However, during the winter you’ll find lovely Christmas decorations and that winter cheer in the air. It’s a great cheap thing to do in Helsinki as it is free to enjoy. It’s the perfect spot to spend an hour relaxing, bring a book! A perfect fit that is indicative of Finnish culture and their way of life.
Speaking of that fresh air Helsinki has some of the cleanest city air in the world. It all plays back to a tremendous quality of life. Few capital cities have a refuge from city life. This is not the case in Helsinki where you can easily escape to their Central Park for a day.
The park runs south to north for almost 10 kilometers covering thousands of hectares. Throughout the park, you can take part in outdoor sports, jog, enjoy the gardens, and search for wildlife.
The park plays home to various species including the muskrat, raccoon dog, brown and arctic hare, the elk, and the fox. Bird lovers can also enjoy a day here looking for the Eurasian jay and garden warbler, among various others. We know how hard it is to get in your precious nature time while in a city from our New York days, and highly recommend checking out the park at least once no matter the season.
Be Inspired To Learn More
The University of Helsinki operates an amazing library that is well worth checking out. The Kaisa House is the library of Helsinki University. It’s a cool stop to relax, have a coffee, read a book, and explore innovative architectural design.
Design and education for that matter are important aspects in Finnish life. The country’s education systems scores amongst the highest in the world and the four universities in Helsinki are exceptional.
Many even offer the opportunity to study in English so if you’re seeking out a place to study abroad it might be worth considering Helsinki! At the very least, we can not recommend a study abroad program enough. It’s a life-changing event!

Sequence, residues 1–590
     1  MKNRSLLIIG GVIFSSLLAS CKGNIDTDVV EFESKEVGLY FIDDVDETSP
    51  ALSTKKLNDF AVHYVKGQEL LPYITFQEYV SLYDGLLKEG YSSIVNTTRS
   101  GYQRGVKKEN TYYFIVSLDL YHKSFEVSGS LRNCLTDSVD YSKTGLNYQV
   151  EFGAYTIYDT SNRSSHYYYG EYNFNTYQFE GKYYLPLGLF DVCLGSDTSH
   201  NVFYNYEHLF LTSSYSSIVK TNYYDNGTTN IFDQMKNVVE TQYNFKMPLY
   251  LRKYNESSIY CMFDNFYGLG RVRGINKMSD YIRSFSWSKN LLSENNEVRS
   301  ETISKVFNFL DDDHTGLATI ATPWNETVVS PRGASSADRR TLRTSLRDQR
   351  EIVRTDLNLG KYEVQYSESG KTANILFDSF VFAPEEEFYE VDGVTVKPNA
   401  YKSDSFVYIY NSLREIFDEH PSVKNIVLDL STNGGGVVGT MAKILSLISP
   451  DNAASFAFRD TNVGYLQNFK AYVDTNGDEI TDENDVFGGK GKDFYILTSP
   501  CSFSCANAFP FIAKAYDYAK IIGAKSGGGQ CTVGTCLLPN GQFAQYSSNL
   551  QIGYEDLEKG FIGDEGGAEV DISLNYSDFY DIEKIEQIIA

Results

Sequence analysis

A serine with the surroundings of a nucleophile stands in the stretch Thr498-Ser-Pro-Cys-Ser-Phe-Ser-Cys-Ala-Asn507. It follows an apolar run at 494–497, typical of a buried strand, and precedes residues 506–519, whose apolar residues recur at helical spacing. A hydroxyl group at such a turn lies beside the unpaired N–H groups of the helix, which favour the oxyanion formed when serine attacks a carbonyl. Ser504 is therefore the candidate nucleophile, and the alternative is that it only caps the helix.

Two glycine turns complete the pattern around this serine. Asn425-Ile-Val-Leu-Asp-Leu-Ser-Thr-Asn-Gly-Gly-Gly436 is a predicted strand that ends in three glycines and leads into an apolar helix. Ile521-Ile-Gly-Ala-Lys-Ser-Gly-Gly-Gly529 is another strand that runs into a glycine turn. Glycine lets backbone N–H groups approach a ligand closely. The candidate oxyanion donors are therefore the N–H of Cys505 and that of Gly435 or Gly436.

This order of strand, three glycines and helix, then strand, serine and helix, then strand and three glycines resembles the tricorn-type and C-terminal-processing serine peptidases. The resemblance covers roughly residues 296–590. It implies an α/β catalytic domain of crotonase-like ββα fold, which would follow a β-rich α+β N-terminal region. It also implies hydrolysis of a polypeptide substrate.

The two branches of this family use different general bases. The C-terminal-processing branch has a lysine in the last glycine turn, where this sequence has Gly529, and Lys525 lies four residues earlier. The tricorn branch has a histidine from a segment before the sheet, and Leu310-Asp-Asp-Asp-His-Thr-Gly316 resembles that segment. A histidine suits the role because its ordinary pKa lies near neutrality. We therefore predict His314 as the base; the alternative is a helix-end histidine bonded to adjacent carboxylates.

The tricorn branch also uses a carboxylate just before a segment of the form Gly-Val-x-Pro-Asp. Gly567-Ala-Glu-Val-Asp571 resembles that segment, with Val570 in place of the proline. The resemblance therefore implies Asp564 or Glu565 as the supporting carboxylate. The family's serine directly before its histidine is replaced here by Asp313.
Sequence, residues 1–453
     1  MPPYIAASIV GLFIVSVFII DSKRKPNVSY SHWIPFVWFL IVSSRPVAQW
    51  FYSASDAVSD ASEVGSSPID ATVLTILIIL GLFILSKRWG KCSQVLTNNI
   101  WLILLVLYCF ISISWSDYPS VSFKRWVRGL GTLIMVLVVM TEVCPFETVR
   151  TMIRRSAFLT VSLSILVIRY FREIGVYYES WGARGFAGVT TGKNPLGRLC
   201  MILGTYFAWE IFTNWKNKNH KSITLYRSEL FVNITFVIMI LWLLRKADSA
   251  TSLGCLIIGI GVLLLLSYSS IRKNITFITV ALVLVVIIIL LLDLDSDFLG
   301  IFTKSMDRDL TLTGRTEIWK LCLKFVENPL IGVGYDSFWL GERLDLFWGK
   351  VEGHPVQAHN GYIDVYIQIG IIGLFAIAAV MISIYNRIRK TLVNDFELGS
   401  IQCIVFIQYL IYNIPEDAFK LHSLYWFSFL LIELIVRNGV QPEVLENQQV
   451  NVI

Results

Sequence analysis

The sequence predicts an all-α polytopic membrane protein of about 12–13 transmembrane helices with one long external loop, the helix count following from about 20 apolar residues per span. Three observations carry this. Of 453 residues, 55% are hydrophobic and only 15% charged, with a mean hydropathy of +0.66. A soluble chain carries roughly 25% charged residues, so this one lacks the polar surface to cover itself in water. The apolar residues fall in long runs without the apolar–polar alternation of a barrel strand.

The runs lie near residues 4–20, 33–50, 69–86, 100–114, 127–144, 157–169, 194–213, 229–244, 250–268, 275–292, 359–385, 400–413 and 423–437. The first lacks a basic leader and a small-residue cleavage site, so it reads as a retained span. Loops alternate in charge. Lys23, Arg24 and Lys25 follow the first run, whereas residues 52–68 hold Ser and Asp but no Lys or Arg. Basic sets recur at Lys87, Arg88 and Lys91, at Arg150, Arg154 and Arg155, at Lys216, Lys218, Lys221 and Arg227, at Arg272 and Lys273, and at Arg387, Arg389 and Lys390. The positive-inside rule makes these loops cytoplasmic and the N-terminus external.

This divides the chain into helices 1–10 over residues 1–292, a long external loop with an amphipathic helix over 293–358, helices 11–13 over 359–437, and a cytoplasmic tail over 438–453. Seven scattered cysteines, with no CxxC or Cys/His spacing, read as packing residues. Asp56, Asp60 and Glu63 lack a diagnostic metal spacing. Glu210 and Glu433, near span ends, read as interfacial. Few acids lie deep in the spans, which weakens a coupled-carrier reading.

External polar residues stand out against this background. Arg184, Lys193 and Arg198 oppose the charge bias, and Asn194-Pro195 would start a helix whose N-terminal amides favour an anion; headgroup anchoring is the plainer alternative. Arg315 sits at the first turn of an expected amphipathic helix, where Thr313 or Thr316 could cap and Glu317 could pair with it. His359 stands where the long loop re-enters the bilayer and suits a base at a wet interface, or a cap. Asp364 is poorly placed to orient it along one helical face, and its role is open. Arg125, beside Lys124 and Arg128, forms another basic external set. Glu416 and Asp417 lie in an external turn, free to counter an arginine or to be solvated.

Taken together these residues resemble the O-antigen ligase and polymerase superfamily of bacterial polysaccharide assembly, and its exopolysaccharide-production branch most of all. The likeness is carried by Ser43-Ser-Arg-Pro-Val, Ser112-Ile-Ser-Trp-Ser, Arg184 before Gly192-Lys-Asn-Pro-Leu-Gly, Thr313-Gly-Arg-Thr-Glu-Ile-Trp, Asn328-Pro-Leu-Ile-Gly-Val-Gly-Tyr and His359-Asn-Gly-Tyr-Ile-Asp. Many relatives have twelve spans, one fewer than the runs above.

The Helsinki Peninsula Begs To Be Explored
Off the coast of Helsinki lies a cluster of islands that make for wonderful spots to explore and recreate. UNESCO World Heritage Suomenlinna is one of those islands that is easily accessible from the city. Suomenlinna is a fortress built in the 18th century when Finland was still part of Sweden. It’s an interesting sight to see when visiting Finland.
To get here you must take a ferry or waterbus and it takes about 20 minutes from Market Square. Once there you can explore by yourself or hop on a guided tour. There are also plenty of restaurants, cafes, and museums to duck into while visiting the fortress of Suomenlinna.
Helsinki has a thriving food scene with hundreds of restaurants to tantalize the taste buds. You can find cafes, traditional haunts, and even a few Michelin star restaurants in the city. It all follows the trend in Nordic countries moving towards fresh and locally produced food with close ties to the surrounding environment.
There are over 1200 restaurants in Helsinki and they account for about 4% of Finland’s GDP! You will have no trouble finding a good restaurant and need to spend at least one night to delve into the food scene.
If you’re interested in some classic foods try Hernekeitto, herring, lingonberry pie, reindeer, moose, ruisleipä, and mämmi. A few of our favorite eats were at Savotta, where we found traditional Finnish food in a charming and cozy interior where the servers are dressed in olf Finnish logging wear.
We also sampled Finland’s modern-day food scene at The Holiday, a contemporary neighborhood restaurant on Katajanokka island, and Juuri in the design district. If you’re after a romantic thing to do in Helsinki we found the most intimate experience at Savotta.
Walk or Bike
Helsinki’s public transportation is amazing! You can get just about anywhere on the buses, trams, and trains. You can also get to Estonia, Russia, and Sweden via ferry. Or you can always use your own two feet or a bicycle like many of the locals!
Nearly a third of all journeys in Helsinki are done by foot! There are 1,200 km of maintained cycle lanes in Helsinki and since the city is a manageable size it’s a great way to get around. So you can forget about sitting in traffic when your out exploring the city.
One thing to know when you travel to Finland is there is no such thing as trespassing — to an extent. Everyman’s Right refers to the public’s right to access public or privately owned land for recreation. So once you’ve had your fill of Helsinki’s public parks head out into the Finnish Countryside for some exploration.
This doesn’t include houses, gardens, or military bases, so don’t go squatting on someone’s porch, but it does allow people to enjoy the land and inland water for their own well being. The only stipulation is that you must do so responsibly and safely. It’s about respect and shared experiences within the community.
Bring Your Swimsuit